China currency head urges investors not to listen to ‘talking down’ of yuan
Yuan may go down against the US dollar but still appreciate against other currencies
China’s currency regulator has urged investors not to be confused by noise from overseas firms “talking down” the yuan and vowed China has the ability to defend the currency, also known as renminbi (RMB).
Guan Tao, the head of the department of international payments at the State Administration of Foreign Exchange (SAFE), said in a Q&A interview in the official Economic Daily that investors should not worry about the bearish view of the yuan expressed by the foreign institutions.
“Don’t be confused by the talk of the foreign institutions who have kept talking that the yuan will go down,” he said. “This is because when they said the yuan may go down it does not mean the yuan will definitely go down. There may be some institutions that want to take profit from their portfolio by spreading bearish views and lead the mainland firms and public to feel panic and rush to sell the RMB. The rational Chinese institutions and families should not become these foreign institutions’ scissors for shearing.
“China has determination and ability to defend the yuan from devaluation.”
He said people should remember the lesson of 1994 when China devalued the yuan in one hit from 5.80 to 8.70 against the US dollar, with many market players predicting the yuan might further devalue to the nine or 10 level.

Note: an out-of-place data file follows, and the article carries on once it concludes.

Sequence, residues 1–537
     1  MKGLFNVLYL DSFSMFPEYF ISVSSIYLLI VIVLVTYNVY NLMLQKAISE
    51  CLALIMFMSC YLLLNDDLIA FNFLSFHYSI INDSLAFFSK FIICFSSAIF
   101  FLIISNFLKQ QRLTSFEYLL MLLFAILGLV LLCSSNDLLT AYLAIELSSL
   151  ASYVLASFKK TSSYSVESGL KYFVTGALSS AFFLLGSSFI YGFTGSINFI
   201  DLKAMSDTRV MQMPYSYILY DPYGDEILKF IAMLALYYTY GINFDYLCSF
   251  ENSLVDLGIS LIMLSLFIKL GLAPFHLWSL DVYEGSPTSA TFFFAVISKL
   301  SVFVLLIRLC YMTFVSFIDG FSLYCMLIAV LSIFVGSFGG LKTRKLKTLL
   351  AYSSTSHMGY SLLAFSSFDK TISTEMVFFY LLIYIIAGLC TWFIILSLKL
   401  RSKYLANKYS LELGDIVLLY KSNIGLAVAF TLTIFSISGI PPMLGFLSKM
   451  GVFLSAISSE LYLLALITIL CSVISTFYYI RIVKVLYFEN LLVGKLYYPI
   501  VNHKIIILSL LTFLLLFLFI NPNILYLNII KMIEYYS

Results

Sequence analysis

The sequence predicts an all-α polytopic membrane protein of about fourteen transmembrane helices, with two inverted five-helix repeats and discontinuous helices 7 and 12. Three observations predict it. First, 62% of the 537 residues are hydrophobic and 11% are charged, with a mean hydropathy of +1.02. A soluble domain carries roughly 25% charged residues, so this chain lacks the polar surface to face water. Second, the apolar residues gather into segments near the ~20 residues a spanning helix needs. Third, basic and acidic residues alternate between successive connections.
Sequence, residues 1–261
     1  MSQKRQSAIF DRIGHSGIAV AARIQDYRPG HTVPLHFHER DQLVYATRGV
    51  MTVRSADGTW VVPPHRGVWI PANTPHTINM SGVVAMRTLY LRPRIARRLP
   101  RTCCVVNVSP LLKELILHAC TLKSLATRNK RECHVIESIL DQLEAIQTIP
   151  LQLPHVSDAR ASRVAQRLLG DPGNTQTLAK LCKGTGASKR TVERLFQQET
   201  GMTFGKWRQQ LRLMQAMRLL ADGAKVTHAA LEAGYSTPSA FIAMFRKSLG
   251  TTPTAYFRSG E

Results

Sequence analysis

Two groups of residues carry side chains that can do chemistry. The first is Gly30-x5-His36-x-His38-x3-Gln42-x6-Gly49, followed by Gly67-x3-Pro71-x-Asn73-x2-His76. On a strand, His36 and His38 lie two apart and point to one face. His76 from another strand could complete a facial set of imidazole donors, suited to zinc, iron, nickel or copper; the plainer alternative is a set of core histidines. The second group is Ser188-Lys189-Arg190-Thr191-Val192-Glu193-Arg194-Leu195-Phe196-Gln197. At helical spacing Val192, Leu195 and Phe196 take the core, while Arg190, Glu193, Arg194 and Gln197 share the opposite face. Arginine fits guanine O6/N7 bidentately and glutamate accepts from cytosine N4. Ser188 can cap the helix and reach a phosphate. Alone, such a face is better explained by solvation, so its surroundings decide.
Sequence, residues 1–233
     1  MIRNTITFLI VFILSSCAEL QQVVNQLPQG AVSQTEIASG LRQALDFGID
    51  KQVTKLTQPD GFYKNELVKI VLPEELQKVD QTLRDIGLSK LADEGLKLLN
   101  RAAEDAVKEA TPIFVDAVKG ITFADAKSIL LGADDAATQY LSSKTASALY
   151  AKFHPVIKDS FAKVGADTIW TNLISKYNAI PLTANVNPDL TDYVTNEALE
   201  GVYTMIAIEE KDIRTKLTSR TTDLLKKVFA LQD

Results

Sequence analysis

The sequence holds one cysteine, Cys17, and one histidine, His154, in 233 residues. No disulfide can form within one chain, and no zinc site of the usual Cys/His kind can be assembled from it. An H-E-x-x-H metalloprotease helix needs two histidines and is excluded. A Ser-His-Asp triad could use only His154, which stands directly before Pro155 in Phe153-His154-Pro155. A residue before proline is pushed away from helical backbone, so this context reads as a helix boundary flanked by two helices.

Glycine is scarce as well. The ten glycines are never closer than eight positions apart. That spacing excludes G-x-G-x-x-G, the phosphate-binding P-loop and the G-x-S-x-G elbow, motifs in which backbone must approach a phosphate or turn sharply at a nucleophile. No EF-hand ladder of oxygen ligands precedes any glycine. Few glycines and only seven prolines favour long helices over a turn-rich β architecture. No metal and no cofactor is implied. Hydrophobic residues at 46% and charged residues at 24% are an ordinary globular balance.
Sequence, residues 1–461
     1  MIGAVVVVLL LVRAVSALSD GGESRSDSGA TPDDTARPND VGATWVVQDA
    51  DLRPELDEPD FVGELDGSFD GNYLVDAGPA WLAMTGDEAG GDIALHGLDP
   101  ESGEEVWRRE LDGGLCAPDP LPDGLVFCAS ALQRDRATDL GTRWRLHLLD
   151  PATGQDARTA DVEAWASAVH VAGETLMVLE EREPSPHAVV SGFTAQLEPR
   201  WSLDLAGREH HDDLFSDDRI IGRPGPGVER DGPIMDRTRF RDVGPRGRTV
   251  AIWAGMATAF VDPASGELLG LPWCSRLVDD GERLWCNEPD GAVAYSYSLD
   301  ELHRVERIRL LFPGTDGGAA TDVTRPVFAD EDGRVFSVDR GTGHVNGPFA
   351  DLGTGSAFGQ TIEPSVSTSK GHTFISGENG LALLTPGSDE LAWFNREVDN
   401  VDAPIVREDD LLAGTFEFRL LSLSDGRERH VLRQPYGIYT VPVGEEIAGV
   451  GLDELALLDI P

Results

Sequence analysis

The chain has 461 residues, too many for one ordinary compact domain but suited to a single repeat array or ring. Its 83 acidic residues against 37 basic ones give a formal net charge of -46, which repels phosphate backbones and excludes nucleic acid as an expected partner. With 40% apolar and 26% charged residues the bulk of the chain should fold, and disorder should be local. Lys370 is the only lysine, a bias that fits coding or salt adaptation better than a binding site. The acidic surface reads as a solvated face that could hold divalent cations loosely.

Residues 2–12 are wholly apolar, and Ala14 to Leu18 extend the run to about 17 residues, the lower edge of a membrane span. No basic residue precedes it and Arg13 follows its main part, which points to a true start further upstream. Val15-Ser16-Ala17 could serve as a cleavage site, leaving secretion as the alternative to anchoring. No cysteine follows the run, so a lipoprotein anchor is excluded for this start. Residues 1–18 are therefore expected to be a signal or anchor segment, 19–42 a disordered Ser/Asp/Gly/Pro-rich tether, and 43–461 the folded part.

“But in reality, the yuan did not depreciate but appreciated 3 per cent that year, while the foreign reserves doubled,” Guan said. “ The yuan has since risen to become a strong currency. The investors who sell short the yuan have not been able to gain.”
Guan said that although the yuan has devalued by about 4 per cent to 5 per cent against the US dollar last year, it had still appreciated against a basket of currencies.
He said the devaluation of the yuan has led to capital outflow and the foreign exchange reserves were down. However, China still had sufficient reserves the defend the currency.
“The future outlook of the yuan will be subject to a number of elements,” he said. “The economic slowdown is a key reason for the recent devaluation of the yuan. The mainland economy is slowing down but the economic growth is still higher than many developed countries.
“The strong US dollar is also a reason for the devaluation of the yuan but we should also note that the US is increasing its interest rate, which means it is also facing a bumpy road ahead.”